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Exam study: State Pension

12 April 2021

The Brand Financial Training team focus key points to learn in respect of the State pension – old and new

Even though basic State Pension has been replaced with the new State Pension, it is still paid to those that retired before April 2016 so will often rear its head in the CII exams, particularly in R04 (pensions and retirement planning) but also in R06 and in AF5 where the answers are written rather than simply chosen from four options in a multiple-choice question.

In this article we look at the details for the pre-2016 State Pension (and also a quick comparative look at the State Pension paid post-2016).

As mentioned, basic State Pension is paid to those who reached State Pension age before 6 April 2016.

Someone qualified for a full basic State Pension if they had at least 30 qualifying years; if someone had fewer than this they receive a proportion of the full amount.

An individual could also be receiving Additional State Pension for example State Earnings Related Pension Scheme (SERPS) or State Second Pension(S2P), if they had not contracted-out.

The full single person’s basic State Pension is £134.25 per week or £6,981 per year.

State Pension can be deferred and for those reaching SPA before April 2016 deferral could be in return for an increased income or a lump sum. Deferral had to be for at least five weeks and in return the pension amount increased by 1% for every five weeks deferred which worked out as an increase of 10.4% per year. If someone deferred for 12 months a lump sum could be chosen instead with interest added at 2% above the bank’s base rate.

Even if someone is receiving basic State Pension now they can stop taking it and they will still be subject to the pre-2016 deferral rules.

If someone died during deferral under the old rules then their spouse or civil partner could inherit subject to various conditions set by the DWP.

The new State Pension

The new State Pension applies to those reaching their State Pension age on or after 6 April 2016.

To qualify for any new State Pension 10 qualifying years is needed (either of contributions or credits) and to get the maximum amount at least 35 qualifying years are necessary.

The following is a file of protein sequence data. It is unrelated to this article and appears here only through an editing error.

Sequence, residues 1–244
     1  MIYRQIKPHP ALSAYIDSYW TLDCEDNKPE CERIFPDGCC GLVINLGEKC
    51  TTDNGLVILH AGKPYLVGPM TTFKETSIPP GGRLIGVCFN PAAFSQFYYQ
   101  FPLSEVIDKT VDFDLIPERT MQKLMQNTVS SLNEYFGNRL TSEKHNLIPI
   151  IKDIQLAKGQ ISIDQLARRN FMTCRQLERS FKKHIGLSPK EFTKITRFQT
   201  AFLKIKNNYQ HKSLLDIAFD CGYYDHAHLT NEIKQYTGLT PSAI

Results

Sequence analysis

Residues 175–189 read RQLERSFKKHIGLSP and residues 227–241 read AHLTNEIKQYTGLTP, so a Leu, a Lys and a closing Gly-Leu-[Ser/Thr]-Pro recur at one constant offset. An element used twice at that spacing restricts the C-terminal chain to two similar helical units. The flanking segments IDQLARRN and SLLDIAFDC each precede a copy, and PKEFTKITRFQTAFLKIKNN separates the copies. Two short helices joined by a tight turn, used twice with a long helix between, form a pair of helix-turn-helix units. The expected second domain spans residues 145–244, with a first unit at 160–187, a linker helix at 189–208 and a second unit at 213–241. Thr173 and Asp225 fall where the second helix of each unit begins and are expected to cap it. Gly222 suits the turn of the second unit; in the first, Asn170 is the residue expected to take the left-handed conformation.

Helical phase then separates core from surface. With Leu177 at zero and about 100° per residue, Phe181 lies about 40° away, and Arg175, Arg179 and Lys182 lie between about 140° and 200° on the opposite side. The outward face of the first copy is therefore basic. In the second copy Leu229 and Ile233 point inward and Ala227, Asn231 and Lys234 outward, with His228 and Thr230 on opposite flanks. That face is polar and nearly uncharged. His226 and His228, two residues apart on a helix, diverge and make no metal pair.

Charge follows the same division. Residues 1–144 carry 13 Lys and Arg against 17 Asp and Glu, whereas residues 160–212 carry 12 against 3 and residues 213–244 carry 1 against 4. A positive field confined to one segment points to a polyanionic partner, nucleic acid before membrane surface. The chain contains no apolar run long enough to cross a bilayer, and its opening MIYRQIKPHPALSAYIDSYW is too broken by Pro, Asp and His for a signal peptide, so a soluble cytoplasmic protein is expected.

The full rate of new State Pension is £175.20 per week or £9,110.40 per year.

Anyone who hadn’t reached SPA before 6 April 2016 had a starting amount calculated which was the higher of their pre-April 2016 entitlement and their new State Pension entitlement. If this figure was lower than the full amount of new State Pension in 2016/17 (£155.65) it can be increased through buying more qualifying years. Where it is higher the difference is the ‘protected payment’ and this is paid on top of the new State Pension.

Anyone reaching SPA since 2016 has only been able to defer for an increased income – the lump sum option was withdrawn. The deferral period was also increased to at least nine weeks with the rate of increase similarly reduced (1% for every 9 weeks); this works out as an increase of just under 5.8% for each full year of deferral.

Under the post-2016 rules it is not possible for a survivor to inherit deferred State Pension although the estate may claim up to three months’ arrears of their State Pension.


Here is a question on State Pension from an old R06 exam:

Kaitlyn is 68 and deferred her State pension in 2014. 

Identify the benefits that Kaitlyn will accrue from her State Pension deferral. (4)

Seth is aged 64 and will retire when he reaches 65.

Identify the factors Seth should consider before deciding whether to defer his State Pension (4)

The model answers were:


  • Lump sum option available
  • With 2% interest added
  • Income increases by CPI
  • Increases by 1% for every five weeks deferral/10.4%.


  • 1% increase for every nine weeks of deferral/5.8%
  • Tax planning
  • Other sources of income are available/need for income
  • No lump sum option

With this exam there were clear signposts in the case study to prompt candidates to study aspects of State Pension deferral and for eight marks this would have been well worth doing.

This article was first published in the April 2021 issue of Professional Paraplanner.

Professional Paraplanner